Joshua Tree is a wonderful National Park to visit, only a couple of hours from Los Angeles. The best way to explore it is on foot – and here you can find out all about the best hikes in Joshua Tree National Park!
Joshua Tree will always have a special place in our hearts. It was the best national park we visited during our 7 week road trip around the American Southwest – the first place where we appreciated the stunning beauty of nature in this part of the world.
It’s also a very popular national park to visit – blame Instagram for that, and its relative vicinity to Los Angeles. Joshua Tree is only 130 miles from Los Angeles, a distance that can be covered in a couple of hours, making this park a worthwhile addition to your trip, after spending one day or 2 days in Los Angeles.
Joshua Tree is worth visiting for its stark, stunning desert landscapes. Two desert ecosystems meet in the park – the Mojave desert in the western half, with boulder stacks, juniper bushes, prickly pear cacti and the eponymous Joshua trees, now threatened by climate change. In the east, you’ll find the Colorado desert, with palo verde, creosote and Ocotillo bushes.
It’s very easy to get around Joshua Tree, thanks to paved roads crossing the park from north to south and connecting the two main park entrances in Joshua Tree Village and Twentynine Palms.
As a result, the park can get busy. Very busy. We visited in January, on Martin Luther King’s weekend, and the park was packed – yet, most people seemed to stick to the paved roads and just pull up to take pictures at the viewpoints, or at rocks and Joshua trees along the way.
Hiking is the best way to escape the crowds in Joshua Tree National Park, and to get close to the spectacular desert environment. After a 3-day stay in the park, we’ve come up with a selection of the 7 best hikes in Joshua Tree National Park.
Do you have any more to add? Let us know!
Are you also planning to visit San Diego? Here’s our 2 days in San Diego itinerary!
7 Joshua Tree Hikes
1) Lost Horse Mine Trail
Distance 4 miles / Elevation 400 ft / Time 2 hours
This was my favourite hike in Joshua Tree! I liked the Lost Horse Mine Trail because it wasn’t too long or too strenuous, yet it included wonderful viewpoints and you’ll be able to see a 10-stamp mill and mine site at the end of the trail.
The trailhead is towards the end of Park Boulevard, before the end of the road at Keys View. The trail ascends very gradually, surrounded by yucca and Joshua trees, which would be amazing to see while in bloom.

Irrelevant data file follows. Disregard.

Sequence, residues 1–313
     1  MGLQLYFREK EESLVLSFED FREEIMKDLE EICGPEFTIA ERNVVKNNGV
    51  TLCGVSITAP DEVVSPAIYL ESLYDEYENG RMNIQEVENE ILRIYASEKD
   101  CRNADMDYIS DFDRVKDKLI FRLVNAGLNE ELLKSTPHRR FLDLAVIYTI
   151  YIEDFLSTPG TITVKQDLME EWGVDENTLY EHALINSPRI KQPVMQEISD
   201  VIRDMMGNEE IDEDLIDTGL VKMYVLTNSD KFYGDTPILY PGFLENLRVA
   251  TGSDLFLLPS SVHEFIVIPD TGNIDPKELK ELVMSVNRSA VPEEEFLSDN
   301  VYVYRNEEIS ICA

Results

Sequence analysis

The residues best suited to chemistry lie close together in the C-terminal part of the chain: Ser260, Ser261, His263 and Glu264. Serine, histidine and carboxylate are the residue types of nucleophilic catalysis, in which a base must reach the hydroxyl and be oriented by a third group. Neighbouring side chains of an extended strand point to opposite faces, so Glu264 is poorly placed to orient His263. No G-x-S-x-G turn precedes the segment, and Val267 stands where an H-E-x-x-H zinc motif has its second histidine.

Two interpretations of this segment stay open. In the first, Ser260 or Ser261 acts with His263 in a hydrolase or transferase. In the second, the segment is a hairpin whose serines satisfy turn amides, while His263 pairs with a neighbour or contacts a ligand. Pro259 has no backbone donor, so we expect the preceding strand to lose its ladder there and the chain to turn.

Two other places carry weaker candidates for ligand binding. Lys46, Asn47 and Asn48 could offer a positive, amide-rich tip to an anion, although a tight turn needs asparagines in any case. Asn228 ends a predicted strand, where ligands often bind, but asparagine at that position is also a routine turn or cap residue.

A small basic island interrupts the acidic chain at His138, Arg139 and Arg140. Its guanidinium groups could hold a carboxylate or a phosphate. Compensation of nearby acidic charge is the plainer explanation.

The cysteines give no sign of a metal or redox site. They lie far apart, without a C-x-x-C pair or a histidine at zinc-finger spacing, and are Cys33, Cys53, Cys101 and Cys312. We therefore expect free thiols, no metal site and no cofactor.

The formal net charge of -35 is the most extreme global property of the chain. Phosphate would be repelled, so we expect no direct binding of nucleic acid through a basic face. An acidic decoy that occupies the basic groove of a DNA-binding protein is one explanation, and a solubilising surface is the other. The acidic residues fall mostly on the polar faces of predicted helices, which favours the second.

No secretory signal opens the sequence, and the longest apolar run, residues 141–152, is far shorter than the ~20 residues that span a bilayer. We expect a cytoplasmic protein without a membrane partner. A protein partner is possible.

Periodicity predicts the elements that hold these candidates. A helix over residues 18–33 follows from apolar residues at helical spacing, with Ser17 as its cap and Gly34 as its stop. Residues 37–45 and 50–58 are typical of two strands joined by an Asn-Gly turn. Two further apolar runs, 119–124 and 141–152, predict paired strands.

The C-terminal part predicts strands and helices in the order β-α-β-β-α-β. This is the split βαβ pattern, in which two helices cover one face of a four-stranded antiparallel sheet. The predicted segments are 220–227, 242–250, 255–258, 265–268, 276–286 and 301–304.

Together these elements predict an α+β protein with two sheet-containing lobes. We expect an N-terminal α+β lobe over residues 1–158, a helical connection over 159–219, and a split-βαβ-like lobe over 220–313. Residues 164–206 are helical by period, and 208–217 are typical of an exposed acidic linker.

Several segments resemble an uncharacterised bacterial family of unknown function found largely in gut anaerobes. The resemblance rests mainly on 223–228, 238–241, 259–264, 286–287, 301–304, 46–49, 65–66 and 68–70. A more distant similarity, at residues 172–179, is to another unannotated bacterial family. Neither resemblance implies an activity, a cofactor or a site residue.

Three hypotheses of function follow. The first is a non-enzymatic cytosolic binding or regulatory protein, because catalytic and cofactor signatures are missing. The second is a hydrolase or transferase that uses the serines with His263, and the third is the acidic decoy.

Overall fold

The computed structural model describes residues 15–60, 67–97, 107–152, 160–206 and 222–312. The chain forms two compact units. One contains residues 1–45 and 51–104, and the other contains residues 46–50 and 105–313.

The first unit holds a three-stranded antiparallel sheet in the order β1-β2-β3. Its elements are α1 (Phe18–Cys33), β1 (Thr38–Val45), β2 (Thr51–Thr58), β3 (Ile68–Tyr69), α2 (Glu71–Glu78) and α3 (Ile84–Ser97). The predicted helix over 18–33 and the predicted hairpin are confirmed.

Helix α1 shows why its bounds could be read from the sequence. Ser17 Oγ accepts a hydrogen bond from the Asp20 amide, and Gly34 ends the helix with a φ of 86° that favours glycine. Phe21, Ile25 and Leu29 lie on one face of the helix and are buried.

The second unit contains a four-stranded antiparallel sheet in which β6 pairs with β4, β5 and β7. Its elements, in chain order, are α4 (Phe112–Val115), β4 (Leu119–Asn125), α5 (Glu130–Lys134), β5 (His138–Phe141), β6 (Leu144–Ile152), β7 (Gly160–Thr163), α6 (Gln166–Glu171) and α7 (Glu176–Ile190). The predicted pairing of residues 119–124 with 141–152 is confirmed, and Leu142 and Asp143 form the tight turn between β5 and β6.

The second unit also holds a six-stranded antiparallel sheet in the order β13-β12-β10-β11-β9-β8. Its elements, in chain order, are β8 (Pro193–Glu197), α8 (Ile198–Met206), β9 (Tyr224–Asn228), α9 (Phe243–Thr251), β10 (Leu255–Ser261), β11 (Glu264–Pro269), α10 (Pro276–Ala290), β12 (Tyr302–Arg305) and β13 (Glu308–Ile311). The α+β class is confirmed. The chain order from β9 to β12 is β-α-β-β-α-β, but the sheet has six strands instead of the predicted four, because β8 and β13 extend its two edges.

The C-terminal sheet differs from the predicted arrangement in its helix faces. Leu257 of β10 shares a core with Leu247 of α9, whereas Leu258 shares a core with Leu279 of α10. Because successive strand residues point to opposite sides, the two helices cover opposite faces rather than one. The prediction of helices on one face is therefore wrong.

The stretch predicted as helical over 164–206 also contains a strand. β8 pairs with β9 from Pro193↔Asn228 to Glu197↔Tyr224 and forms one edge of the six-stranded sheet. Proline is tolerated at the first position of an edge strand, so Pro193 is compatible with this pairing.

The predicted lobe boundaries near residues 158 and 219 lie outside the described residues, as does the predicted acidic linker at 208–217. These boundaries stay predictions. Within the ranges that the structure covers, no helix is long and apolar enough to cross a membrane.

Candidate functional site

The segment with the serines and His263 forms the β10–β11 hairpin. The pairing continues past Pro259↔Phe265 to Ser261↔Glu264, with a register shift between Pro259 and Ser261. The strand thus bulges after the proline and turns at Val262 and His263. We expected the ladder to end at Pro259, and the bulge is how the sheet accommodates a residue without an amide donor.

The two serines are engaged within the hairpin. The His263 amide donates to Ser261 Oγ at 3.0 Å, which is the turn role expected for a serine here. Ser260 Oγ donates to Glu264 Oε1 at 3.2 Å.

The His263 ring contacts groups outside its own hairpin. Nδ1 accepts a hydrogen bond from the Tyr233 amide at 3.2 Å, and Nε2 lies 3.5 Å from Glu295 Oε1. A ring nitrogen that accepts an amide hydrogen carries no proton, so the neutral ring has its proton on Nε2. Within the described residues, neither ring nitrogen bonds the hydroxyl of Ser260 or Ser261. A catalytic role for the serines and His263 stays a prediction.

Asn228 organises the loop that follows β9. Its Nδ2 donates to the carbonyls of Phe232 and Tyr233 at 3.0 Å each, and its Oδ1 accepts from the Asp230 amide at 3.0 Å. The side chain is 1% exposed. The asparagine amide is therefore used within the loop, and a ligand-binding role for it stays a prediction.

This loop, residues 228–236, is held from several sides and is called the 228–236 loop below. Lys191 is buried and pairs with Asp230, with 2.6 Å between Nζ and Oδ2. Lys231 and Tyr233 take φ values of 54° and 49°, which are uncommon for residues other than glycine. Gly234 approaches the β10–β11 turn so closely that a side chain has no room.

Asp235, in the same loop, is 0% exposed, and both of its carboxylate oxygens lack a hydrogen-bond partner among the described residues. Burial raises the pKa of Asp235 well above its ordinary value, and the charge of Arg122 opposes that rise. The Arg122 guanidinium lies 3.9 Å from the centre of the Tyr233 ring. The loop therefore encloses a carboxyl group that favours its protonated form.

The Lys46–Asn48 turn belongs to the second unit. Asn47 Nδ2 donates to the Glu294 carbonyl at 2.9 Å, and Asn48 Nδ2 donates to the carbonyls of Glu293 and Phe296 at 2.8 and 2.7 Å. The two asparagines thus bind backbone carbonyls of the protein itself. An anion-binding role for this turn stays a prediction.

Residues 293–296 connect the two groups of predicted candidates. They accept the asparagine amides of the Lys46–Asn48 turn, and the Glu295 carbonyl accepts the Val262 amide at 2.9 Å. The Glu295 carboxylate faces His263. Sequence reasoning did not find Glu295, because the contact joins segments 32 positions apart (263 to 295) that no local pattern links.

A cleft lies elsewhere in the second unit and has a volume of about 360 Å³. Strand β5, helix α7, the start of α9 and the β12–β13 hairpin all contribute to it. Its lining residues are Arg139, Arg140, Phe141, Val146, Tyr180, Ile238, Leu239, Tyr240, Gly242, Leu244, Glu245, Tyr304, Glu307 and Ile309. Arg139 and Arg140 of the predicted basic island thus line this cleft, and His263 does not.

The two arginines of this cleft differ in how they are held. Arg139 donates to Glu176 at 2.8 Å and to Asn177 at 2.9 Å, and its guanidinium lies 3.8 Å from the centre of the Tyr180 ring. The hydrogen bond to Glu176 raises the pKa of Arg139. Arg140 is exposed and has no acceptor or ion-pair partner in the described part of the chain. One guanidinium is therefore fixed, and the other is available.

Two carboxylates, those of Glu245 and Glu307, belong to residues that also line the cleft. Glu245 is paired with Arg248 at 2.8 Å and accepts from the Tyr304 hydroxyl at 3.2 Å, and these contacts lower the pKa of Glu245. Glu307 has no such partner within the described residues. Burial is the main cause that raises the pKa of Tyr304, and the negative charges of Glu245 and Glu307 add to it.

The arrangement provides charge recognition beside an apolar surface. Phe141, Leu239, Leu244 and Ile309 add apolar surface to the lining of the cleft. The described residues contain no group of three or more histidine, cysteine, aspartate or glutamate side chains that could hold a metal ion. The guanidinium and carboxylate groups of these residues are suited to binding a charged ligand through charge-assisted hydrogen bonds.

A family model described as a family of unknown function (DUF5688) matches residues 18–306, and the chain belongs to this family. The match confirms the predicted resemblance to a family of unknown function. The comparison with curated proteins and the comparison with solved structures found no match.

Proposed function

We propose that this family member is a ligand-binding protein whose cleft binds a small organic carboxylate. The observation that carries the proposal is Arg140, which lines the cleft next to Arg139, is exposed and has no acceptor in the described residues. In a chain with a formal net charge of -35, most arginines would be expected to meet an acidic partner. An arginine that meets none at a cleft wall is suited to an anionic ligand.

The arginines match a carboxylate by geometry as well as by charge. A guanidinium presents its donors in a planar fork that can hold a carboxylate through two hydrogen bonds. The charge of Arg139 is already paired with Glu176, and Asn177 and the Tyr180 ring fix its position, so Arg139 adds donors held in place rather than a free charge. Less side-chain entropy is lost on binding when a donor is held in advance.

After 1 and a half miles, the mine becomes visible in the distance – you just need to push on a little further to reach the chainlink fence all around it.
Lost Horse Mine operated between 1894 and 1931 and produced more than 10,000 ounces of gold and 16,000 ounces of silver. It was named ‘Lost Horse’ because it was discovered while looking for a lost horse during Wild West times – read here for the complete story!
As tempting as it may be, once you get to Lost Horse Mine please don’t trespass for the sake of pictures, as some shafts are still open and you may fall in. For some more wonderful views, climb the hill just above the abandoned mine – trust me, it’s worth it!
Would you like to discover another hiking destination? Here is our post about the best hikes in Sedona!
2) Ryan Mountain
Distance 3 miles / Elevation 1075 ft / Time 2 hours
Ryan Mountain also definitely deserves to be mentioned as one of the best hikes in Joshua Tree. The trailhead is 3 miles south of Hidden Valley, close to Ryan Campground.
This is probably not the best hike if you want to see cactus or Joshua Trees, but it’s a great vantage point for views of the National Park. The 3-mile trail ascends over 1000 feet, so it’s definitely more strenuous than Lost Horse, climbing to the 5458 ft summit of Ryan Mountain.
The trail is quite steep, but very well maintained. The higher you climb, the better the views get – the view expands from the desert landscapes of Lost Horse and Queen Valleys, all the way to the San Gorgonio and San Jacinto Mountains.
Given the steep incline and the fact there is next to no shade, please pay attention during the hot season and start this hike early – possible before 10 am.
3) Hidden Valley
Distance 1 miles / Elevation flat / Time 1 hour
This is probably the most popular hike in Joshua Tree, considering that it’s short, flat and very scenic. The trailhead is right along Park Boulevard, 12 miles south from the park entrance.